AutoPay via ACH or credit card versus writing a paper check: Which is safer for consumers?
Many consumers now pay via some sort of AutoPay whereby their checking account or credit card is debited automatically for payment. Some consumers still write a paper check possibly for concern over the safety of electronic payments. So which option is safer?
Bill payment via paper checks has been around a long time [1959 was implementation of MICR ink making automated sorting possible]. Fraud and/or theft were not considered issues that had to be dealt with so verification/authentication measures have not been key components of check usage.
If a consumer reports a check [a deposit slip works as well] as stolen or fraudulent their bank is NOT liable nor has any legal obligation to replace funds lost. In addition the consumer has to prove the checks were not authorized via strict procedures-the burden of proof again is completely on the consumer. If the thief wrote bad checks in 20 different jurisdictions, you may be dealing with this for years. The thief can keep writing checks on your account after you’ve reporting them as fraud and even after you’ve closed the account. Every time the thief writes a bad check on a closed account, your bank may reopen the account and send you an NSF [think $25 fees] notice. You will have to individually dispute these as well. Finally your account (and possibly your name) will go into ChexSystems (the equivalent of the credit bureaus used to check people’s checking account history) as fraudulent, which may make it difficult or impossible to obtain a new checking accounts for many years. There are additional concerns including the thief being able to order new checks in your name. Some statistics:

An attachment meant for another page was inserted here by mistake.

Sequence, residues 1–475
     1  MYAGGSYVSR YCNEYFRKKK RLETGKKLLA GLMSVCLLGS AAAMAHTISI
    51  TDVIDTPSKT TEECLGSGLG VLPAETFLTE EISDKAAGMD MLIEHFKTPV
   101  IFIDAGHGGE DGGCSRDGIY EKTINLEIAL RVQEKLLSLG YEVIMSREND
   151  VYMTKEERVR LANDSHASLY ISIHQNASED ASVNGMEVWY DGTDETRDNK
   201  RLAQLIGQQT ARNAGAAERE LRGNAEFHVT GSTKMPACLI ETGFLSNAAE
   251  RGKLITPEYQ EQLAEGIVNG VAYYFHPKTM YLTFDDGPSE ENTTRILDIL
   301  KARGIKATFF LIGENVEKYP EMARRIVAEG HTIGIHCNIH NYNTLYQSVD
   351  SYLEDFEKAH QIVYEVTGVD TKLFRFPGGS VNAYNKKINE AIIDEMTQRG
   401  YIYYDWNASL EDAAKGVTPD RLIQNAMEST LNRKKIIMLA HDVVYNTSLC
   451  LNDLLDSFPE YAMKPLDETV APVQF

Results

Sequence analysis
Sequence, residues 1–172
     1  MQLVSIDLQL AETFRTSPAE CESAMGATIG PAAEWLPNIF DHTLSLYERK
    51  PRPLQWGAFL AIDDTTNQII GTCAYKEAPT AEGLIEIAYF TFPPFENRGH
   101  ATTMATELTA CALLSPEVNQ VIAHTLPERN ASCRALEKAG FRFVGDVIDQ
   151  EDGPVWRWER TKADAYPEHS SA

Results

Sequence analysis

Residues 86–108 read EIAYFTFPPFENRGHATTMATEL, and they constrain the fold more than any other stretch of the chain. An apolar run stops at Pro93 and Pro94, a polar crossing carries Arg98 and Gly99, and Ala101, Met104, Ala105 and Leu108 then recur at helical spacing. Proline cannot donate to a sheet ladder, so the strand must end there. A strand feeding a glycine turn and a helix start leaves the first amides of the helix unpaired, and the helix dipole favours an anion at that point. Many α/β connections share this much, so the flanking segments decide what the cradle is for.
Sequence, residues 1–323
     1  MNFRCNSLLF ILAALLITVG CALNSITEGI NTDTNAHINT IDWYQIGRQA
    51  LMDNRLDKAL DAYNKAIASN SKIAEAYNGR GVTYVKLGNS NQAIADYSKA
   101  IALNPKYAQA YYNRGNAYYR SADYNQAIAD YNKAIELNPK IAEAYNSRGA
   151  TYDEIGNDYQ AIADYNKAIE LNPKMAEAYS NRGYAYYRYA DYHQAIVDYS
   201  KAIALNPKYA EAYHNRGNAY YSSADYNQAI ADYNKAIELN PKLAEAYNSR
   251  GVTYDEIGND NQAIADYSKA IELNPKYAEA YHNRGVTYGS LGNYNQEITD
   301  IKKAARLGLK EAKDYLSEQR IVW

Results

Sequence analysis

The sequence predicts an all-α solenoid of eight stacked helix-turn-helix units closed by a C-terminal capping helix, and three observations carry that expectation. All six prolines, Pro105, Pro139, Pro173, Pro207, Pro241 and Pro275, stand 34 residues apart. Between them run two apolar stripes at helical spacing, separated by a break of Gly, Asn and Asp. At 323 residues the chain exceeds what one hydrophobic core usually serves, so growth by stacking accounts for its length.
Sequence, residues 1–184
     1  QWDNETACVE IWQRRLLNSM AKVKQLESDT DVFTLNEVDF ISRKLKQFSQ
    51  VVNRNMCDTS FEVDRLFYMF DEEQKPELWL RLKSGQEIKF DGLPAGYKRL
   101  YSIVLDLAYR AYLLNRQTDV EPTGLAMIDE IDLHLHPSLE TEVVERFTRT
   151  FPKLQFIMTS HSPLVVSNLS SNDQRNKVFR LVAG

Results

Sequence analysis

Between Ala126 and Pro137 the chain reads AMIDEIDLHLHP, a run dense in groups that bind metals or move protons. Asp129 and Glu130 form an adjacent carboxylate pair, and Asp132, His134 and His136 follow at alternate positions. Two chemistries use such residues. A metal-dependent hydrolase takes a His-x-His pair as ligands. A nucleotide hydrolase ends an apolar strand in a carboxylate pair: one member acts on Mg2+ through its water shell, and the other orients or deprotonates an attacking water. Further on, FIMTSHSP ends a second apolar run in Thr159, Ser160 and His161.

- The AFP Payments Fraud and Control Survey, dated 2012: Checks continued to be the dominant payment form targeted by fraudsters, with 85 percent of affected organizations reporting that their checks were targeted. ACH and credit card fraud affected approximately 20% of organizations.
- Four out of five of these organizations indicated that their highest dollar fraud resulted from checks, as compared to 8% reporting credit cards caused their highest dollar fraud, and 5% reporting ACH
- More than 540,000 Social Security and SSI checks were reported lost or stolen in fiscal year 2010 and had to be reissued.
- Nearly 50,000 checks issued by the Treasury Department in fiscal year 2010 were altered or fraudulently endorsed.
- Each year, nearly 1.3 million people report problems with paper checks to the Treasury Department.
Contrast paper check protection measures with ACH or credit card processing. When paying by credit card or ACH the consumer has a 60 day window to report to their bank that they do not recognize a charge to their account. If the consumer suspects fraud this window can extend much further. Both ACH and credit card world industries have strict operating rules that protect the consumer from unauthorized debits. Bank and credit card companies are legally obligated to replace funds debited without consent.
So in comparison paper checks do not have consumer protection components built into their infrastructure making it much more involved [and expensive] if fraud occurs. This makes the ACH or credit card billing option a safer, more secure transaction for consumers.